SEOUL • South Korea's Foreign Minister has told US Secretary of State Mike Pompeo that Japan's export curbs against Seoul are "undesirable", the Foreign Ministry said yesterday, as a trade row between the East Asian neighbours grows.
South Korea's ruling party also announced yesterday that up to about 300 billion won (S$350 million) would be included in a supplementary budget Bill to cope with Japan's export curbs - to help speed localisation of materials supplies for chips and display panels.
The ruling Democratic Party said about a third of the proposed budget would go to help South Korean materials and equipment makers commercialise their products.
Japan tightened curbs last week on exports of three materials crucial for smartphone displays and chips, saying trust with South Korea had been broken in a dispute with Seoul over South Koreans forced to work for Japanese firms during World War II.
The restrictions will affect companies such as Samsung Electronics and SK Hynix, which supply chips to companies like Apple.
South Korea and Japan clashed at the World Trade Organisation this week and Seoul is stepping up diplomatic overtures to their mutual ally, the United States, to step in.
However, experts said Washington is unlikely to become a mediator in the dispute.
South Korean Foreign Minister Kang Kyung-wha had told Mr Pompeo in a phone call on Wednesday that Japan's trade restrictions may not only cause damage to her country's companies but could also disrupt the global supply chain and hurt US firms.
Ms Kang also said the situation is "undesirable in terms of friendly relations between South Korea and Japan and trilateral cooperation among South Korea, the US and Japan".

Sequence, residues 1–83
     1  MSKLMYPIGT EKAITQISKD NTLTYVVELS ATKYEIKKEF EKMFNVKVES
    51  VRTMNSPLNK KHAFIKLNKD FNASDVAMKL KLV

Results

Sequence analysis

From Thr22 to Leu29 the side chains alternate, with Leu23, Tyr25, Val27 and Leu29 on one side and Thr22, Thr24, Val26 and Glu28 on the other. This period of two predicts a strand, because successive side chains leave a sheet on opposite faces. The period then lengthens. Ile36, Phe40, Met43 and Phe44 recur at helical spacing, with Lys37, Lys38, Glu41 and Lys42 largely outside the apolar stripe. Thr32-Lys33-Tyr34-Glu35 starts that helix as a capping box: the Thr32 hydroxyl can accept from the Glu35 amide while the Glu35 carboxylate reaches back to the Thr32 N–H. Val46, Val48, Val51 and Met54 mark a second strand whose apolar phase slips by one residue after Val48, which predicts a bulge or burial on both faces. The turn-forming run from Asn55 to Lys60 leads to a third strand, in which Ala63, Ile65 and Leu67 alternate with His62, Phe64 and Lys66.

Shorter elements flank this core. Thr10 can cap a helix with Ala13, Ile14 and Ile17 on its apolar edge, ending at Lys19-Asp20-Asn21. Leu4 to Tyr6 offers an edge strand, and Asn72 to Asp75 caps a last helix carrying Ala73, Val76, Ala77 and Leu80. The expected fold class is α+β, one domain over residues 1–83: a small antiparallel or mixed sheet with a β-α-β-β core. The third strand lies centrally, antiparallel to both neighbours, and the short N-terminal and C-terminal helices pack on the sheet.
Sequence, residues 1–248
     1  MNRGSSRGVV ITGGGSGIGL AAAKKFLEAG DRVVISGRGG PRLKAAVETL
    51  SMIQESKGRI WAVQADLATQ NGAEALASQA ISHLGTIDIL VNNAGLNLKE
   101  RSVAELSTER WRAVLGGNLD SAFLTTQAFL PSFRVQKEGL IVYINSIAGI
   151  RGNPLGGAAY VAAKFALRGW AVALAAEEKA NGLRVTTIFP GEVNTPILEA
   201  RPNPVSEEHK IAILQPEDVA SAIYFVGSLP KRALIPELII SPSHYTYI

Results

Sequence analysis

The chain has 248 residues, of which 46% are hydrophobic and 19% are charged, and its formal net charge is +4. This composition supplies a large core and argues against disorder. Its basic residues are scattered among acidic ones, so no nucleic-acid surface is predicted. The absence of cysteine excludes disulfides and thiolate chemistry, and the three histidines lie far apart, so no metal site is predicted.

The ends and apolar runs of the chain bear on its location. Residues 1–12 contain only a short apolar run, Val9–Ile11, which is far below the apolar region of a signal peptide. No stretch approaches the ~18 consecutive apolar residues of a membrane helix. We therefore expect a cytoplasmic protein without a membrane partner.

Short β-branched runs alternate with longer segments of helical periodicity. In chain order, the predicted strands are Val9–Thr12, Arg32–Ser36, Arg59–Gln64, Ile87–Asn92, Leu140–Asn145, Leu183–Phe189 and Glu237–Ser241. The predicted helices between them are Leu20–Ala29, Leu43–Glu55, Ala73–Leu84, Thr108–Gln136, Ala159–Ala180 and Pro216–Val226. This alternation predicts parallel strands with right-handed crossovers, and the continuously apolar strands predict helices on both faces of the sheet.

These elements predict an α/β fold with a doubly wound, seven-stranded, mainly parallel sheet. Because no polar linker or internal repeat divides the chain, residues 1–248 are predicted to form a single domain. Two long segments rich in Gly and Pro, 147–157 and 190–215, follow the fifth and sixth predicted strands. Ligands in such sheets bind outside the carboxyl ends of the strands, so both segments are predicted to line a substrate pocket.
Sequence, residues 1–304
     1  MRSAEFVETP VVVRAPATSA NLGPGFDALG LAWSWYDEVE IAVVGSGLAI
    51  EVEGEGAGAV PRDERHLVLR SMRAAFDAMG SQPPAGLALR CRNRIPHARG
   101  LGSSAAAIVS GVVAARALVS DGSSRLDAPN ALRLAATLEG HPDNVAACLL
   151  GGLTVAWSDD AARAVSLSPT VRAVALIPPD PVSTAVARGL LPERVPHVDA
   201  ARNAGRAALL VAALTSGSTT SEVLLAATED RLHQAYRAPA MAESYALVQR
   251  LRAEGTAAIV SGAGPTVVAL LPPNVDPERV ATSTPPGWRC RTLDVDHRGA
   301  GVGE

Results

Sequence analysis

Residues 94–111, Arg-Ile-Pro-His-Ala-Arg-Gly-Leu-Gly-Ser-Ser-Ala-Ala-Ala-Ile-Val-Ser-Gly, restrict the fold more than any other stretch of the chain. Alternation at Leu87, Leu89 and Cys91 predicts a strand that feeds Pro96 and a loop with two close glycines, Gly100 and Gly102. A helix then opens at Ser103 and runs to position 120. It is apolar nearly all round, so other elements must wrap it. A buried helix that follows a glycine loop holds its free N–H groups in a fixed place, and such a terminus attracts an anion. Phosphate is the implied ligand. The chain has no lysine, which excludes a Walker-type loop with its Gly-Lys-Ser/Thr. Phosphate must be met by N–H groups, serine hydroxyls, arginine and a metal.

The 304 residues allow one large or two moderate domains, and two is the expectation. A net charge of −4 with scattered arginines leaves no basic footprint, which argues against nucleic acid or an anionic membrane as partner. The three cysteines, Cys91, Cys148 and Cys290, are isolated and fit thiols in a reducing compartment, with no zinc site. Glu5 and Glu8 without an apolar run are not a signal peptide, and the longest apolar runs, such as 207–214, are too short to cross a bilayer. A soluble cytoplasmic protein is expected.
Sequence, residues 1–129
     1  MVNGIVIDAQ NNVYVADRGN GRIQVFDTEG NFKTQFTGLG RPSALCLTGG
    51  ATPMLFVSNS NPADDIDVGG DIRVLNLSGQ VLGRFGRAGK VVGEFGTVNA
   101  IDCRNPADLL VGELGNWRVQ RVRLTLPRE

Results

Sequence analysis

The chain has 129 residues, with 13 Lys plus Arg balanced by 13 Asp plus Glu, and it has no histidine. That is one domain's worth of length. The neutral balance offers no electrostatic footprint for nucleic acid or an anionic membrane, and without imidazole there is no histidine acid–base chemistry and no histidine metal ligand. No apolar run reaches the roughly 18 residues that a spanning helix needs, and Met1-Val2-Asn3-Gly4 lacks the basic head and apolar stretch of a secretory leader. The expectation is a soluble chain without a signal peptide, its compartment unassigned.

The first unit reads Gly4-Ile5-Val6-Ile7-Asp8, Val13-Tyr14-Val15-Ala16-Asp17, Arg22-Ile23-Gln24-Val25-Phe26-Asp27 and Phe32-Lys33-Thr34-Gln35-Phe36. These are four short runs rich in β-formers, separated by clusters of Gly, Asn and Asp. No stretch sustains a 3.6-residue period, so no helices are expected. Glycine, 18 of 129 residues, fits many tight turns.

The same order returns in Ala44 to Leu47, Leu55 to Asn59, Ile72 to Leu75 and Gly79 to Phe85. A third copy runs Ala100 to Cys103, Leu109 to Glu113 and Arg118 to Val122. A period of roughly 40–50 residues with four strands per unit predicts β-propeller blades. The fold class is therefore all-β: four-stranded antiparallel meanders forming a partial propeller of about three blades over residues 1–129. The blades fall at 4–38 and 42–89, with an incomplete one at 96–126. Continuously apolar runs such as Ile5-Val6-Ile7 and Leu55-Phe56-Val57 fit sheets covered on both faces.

Seoul hoped Tokyo would withdraw the curbs and that the situation would not deteriorate further, the Foreign Ministry said in a statement. Mr Pompeo said he understood and agreed to cooperate and strengthen communication between the three sides, the statement added.
Mr Kim Hyun-chong, deputy chief of South Korea's National Security Office, arrived in Washington on Wednesday and told reporters he was there to meet officials from the White House and Congress to discuss issues that included Japan's export curbs.
A former Japanese ambassador to the US, Mr Ichiro Fujisaki, told Reuters: "I don't think we need the United States to mediate, just like Japan would not mediate US-Mexico ties or US-Canada relations."
"This is an issue to be solved between Japan and South Korea," Mr Fujisaki added.
New US Assistant Secretary of State for East Asian and Pacific Affairs David Stilwell is visiting Asia until July 21, including stops in Japan and South Korea, to work on a shared vision for the Indo-Pacific region, the State Department said. It did not say whether the Japan-South Korea dispute would be discussed.